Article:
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This is our Normandy.

Boardwalk Empire: Season 5
True Blood: Season 7

Two of HBO medium-to-long stayers concluded this year, both showing signs of fatigue and the problems of enduring past their prime. True Blood started out as a huge hit for HBO, revelling in its trashy lashings of sex and violence. This, along with its sledgehammer commentary on religious bigotry, kept it sufficiently energised for three or four seasons. But just how many shows maintain high standards for the expected seven? Boardwalk Empireducked out two seasons shy of that total, and one might have hoped for the knowing-when-to-quit approach that saw Breaking Bad go out on a high and leaving audiences wanting more. Unfortunately Boardwalk was, while consistently very well made and agreeable enough, never a show that scaled the heights of must-see. Too often, it found itself ebbing and flowing, uncertain where next to find narrative trajectory.


True Blood was never in danger of being a top of the pile show for me; it was always going to have its work cut out reaching that level because it was so derivative. But it did have the relative benefit of knowing what it was and being unapologetic for it.  While this means that Season 7’s scraping the bottom of the barrel seem less marked but than other shows that could boast classic runs before tanking, it is only less disappointing in a relative sense. Ignominious declines also marked out recent non-HBO shows Dexter and Californication. The directionless mess of the former’s last run, along with a similarly misjudged farewells to some of its lead characters, also afflicts True Blood.  The latter meanwhile didn’t really feel the pinch for me until the sixth season, which was merely so-so; the quality tail-off in the seventh was even more dramatic as a result.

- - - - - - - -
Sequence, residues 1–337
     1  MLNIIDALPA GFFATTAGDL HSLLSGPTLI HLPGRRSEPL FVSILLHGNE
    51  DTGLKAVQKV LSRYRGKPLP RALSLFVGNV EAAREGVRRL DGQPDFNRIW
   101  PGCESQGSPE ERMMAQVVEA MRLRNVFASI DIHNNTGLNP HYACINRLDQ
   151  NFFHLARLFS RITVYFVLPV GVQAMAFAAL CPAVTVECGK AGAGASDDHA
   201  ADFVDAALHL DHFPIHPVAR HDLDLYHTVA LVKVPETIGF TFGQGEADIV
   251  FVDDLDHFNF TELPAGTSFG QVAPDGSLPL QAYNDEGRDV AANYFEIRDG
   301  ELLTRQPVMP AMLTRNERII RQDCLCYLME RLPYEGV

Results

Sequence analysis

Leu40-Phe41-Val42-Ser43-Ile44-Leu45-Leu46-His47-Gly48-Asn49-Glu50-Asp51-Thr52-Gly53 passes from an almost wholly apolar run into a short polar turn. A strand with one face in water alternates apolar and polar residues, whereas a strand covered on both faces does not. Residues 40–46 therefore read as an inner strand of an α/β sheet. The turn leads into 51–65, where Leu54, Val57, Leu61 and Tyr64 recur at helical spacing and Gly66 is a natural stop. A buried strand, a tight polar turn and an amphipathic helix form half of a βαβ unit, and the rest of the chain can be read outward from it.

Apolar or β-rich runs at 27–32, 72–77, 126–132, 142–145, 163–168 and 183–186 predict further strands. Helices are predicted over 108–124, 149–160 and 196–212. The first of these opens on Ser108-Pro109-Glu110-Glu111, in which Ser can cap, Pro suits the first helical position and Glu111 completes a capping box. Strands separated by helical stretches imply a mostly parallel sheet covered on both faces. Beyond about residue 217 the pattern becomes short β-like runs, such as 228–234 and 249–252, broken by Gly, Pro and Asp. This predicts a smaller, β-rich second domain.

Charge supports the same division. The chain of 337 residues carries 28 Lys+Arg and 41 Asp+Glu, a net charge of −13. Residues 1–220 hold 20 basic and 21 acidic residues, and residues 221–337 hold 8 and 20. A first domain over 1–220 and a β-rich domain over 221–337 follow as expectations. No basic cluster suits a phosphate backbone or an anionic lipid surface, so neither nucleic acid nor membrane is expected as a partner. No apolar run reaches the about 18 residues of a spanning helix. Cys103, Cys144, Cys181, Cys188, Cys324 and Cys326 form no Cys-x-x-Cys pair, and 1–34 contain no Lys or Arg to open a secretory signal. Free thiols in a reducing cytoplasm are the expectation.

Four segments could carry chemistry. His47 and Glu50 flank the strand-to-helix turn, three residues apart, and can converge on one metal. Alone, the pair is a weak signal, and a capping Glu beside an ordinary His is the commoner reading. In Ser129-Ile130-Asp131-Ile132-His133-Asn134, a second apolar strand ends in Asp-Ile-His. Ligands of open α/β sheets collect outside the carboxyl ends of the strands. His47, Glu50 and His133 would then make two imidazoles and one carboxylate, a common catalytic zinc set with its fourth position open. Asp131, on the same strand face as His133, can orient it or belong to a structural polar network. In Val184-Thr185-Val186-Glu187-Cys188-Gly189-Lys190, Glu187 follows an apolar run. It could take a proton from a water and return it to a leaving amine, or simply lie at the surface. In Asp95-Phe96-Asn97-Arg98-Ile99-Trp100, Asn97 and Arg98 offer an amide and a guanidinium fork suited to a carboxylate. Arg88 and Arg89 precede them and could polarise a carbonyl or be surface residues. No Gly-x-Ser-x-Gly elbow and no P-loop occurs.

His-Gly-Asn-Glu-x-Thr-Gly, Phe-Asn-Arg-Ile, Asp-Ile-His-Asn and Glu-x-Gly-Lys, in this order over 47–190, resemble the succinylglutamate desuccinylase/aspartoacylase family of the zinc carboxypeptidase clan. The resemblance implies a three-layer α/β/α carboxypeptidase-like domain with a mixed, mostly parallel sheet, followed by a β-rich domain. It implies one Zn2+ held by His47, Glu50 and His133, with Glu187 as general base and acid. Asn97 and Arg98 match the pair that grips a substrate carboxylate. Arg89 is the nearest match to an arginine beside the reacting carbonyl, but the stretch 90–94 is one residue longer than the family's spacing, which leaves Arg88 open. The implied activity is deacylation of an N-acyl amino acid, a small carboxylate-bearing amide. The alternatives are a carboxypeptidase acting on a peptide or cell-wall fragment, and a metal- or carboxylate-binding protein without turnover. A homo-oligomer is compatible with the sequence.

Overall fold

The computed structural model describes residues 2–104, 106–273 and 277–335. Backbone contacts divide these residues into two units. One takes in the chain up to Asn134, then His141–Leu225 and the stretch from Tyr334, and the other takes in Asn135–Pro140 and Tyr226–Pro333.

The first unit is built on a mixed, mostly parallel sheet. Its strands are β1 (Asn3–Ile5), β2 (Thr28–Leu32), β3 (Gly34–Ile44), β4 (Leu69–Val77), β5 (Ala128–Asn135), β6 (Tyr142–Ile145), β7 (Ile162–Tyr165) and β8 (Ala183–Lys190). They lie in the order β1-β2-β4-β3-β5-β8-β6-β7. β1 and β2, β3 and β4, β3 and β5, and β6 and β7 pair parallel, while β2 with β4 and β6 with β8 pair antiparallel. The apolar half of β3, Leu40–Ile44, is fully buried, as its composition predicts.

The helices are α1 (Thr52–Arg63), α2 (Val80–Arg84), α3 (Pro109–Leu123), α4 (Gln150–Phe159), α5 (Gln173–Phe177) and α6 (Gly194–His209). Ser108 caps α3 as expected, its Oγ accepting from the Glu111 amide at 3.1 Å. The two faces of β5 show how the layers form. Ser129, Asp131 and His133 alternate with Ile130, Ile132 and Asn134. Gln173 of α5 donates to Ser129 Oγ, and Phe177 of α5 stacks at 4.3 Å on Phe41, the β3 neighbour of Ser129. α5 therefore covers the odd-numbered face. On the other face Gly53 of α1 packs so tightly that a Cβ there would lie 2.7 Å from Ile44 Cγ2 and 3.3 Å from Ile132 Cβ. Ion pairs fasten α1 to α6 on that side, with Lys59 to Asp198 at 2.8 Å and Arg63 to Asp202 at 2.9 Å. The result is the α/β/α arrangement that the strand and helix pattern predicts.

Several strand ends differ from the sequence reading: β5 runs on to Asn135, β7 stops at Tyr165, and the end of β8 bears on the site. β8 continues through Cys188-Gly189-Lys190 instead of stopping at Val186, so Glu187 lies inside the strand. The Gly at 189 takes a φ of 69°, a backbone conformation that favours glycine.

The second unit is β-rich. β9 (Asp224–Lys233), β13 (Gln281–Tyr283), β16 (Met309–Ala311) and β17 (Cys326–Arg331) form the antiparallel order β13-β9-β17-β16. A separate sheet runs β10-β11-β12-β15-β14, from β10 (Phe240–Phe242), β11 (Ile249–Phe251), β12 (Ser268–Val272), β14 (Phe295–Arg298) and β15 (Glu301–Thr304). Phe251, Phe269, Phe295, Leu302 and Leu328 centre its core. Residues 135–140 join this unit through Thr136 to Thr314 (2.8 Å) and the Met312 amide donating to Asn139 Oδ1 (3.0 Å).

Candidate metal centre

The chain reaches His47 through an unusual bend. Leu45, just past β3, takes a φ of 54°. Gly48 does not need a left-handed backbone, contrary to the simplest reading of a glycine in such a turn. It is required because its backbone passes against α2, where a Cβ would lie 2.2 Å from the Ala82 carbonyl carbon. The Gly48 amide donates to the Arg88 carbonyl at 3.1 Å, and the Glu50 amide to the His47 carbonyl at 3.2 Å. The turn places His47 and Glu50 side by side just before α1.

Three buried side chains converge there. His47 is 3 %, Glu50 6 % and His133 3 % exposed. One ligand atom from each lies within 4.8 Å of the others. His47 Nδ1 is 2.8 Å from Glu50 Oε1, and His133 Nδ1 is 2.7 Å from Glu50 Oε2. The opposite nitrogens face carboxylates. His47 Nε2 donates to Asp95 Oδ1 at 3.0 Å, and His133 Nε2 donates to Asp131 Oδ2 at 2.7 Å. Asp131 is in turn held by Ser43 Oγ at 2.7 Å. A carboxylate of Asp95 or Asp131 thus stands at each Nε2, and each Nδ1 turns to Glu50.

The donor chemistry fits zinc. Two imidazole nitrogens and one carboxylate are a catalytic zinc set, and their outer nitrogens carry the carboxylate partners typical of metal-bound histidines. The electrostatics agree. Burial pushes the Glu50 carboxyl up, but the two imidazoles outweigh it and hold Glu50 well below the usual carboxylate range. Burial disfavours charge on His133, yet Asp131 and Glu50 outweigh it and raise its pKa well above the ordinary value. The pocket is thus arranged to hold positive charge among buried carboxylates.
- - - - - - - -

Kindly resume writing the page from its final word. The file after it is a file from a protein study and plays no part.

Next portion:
How do these shows lose their way so profoundly? Part of the problem is repetition, certainly, part of it is becoming too cautious about killing your darlings (a problem Game of Thrones has studiously avoided). Maybe respective showrunners leaving didn’t help matters. But there’s surely more to it than that. We’ve seen series that maintained a high standard going tits-up as at the end as far back as Buffy (whereas the rockier five-season Angel went out on a high). I like The X-Files last couple of Duchovny-lite seasons more than most, but that was sunk by an utterly rote finale (Seinfeld also stands guilty of underwhelming through greatest hits packaging/summarising at the end). Going out fighting, rather than aware of one’s responsibilities to provide a clear finishing line, seems to be an essential ingredient. 


That is, unless you have it sufficiently mapped out (Breaking Bad). And a limited run is no guarantee of success if the makers are winging it; Battlestar Galactica scraped by or screwed the pooch depending on who you talk to, but it illustrates that if you have an epic, over-arching narrative you need to figure it out in advance. On rare occasions a series can fool in that regard until the final moment, but be retrospectively be ruined by a last episode (Lost). But those series are relative exceptions. Most still maintain a loosely self-contained season structure with relative straightforward series-wide themes and elements. Dexter shat the bed in its finale in a manner not inconsistent with the disappointment of the season as a whole, but one that was so bad it made the rest of 8 look half decent in comparison.